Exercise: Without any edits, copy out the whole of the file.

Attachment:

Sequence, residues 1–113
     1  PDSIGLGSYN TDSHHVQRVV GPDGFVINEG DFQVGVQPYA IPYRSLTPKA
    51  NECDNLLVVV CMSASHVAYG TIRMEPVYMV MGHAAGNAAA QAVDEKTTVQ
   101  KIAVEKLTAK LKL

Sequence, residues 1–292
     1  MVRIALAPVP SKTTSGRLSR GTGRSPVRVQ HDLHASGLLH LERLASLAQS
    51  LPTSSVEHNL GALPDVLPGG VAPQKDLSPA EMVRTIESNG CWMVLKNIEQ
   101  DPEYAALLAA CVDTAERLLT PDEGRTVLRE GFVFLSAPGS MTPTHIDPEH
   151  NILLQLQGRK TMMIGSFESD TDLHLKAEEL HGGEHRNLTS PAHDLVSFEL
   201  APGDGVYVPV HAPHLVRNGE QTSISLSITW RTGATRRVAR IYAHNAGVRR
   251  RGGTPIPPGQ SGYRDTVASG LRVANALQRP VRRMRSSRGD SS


Sequence, residues 1–113
     1  PDSIGLGSYN TDSHHVQRVV GPDGFVINEG DFQVGVQPYA IPYRSLTPKA
    51  NECDNLLVVV CMSASHVAYG TIRMEPVYMV MGHAAGNAAA QAVDEKTTVQ
   101  KIAVEKLTAK LKL

Sequence, residues 1–292
     1  MVRIALAPVP SKTTSGRLSR GTGRSPVRVQ HDLHASGLLH LERLASLAQS
    51  LPTSSVEHNL GALPDVLPGG VAPQKDLSPA EMVRTIESNG CWMVLKNIEQ
   101  DPEYAALLAA CVDTAERLLT PDEGRTVLRE GFVFLSAPGS MTPTHIDPEH
   151  NILLQLQGRK TMMIGSFESD TDLHLKAEEL HGGEHRNLTS PAHDLVSFEL
   201  APGDGVYVPV HAPHLVRNGE QTSISLSITW RTGATRRVAR IYAHNAGVRR
   251  RGGTPIPPGQ SGYRDTVASG LRVANALQRP VRRMRSSRGD SS